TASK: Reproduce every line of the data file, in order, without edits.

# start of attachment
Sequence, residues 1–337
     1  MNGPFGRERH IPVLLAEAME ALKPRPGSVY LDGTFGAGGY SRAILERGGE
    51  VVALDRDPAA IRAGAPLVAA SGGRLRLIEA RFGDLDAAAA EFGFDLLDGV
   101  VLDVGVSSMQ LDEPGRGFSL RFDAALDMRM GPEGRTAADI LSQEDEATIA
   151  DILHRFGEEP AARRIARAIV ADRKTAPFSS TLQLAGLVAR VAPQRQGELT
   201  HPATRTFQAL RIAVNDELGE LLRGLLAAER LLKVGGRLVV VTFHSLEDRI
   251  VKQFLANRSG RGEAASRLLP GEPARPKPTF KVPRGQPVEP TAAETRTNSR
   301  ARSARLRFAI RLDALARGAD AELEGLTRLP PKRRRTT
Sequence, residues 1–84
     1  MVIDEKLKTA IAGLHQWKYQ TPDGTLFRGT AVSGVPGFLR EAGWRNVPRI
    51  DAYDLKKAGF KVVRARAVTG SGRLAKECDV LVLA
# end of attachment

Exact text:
Sequence, residues 1–337
     1  MNGPFGRERH IPVLLAEAME ALKPRPGSVY LDGTFGAGGY SRAILERGGE
    51  VVALDRDPAA IRAGAPLVAA SGGRLRLIEA RFGDLDAAAA EFGFDLLDGV
   101  VLDVGVSSMQ LDEPGRGFSL RFDAALDMRM GPEGRTAADI LSQEDEATIA
   151  DILHRFGEEP AARRIARAIV ADRKTAPFSS TLQLAGLVAR VAPQRQGELT
   201  HPATRTFQAL RIAVNDELGE LLRGLLAAER LLKVGGRLVV VTFHSLEDRI
   251  VKQFLANRSG RGEAASRLLP GEPARPKPTF KVPRGQPVEP TAAETRTNSR
   301  ARSARLRFAI RLDALARGAD AELEGLTRLP PKRRRTT
Sequence, residues 1–84
     1  MVIDEKLKTA IAGLHQWKYQ TPDGTLFRGT AVSGVPGFLR EAGWRNVPRI
    51  DAYDLKKAGF KVVRARAVTG SGRLAKECDV LVLA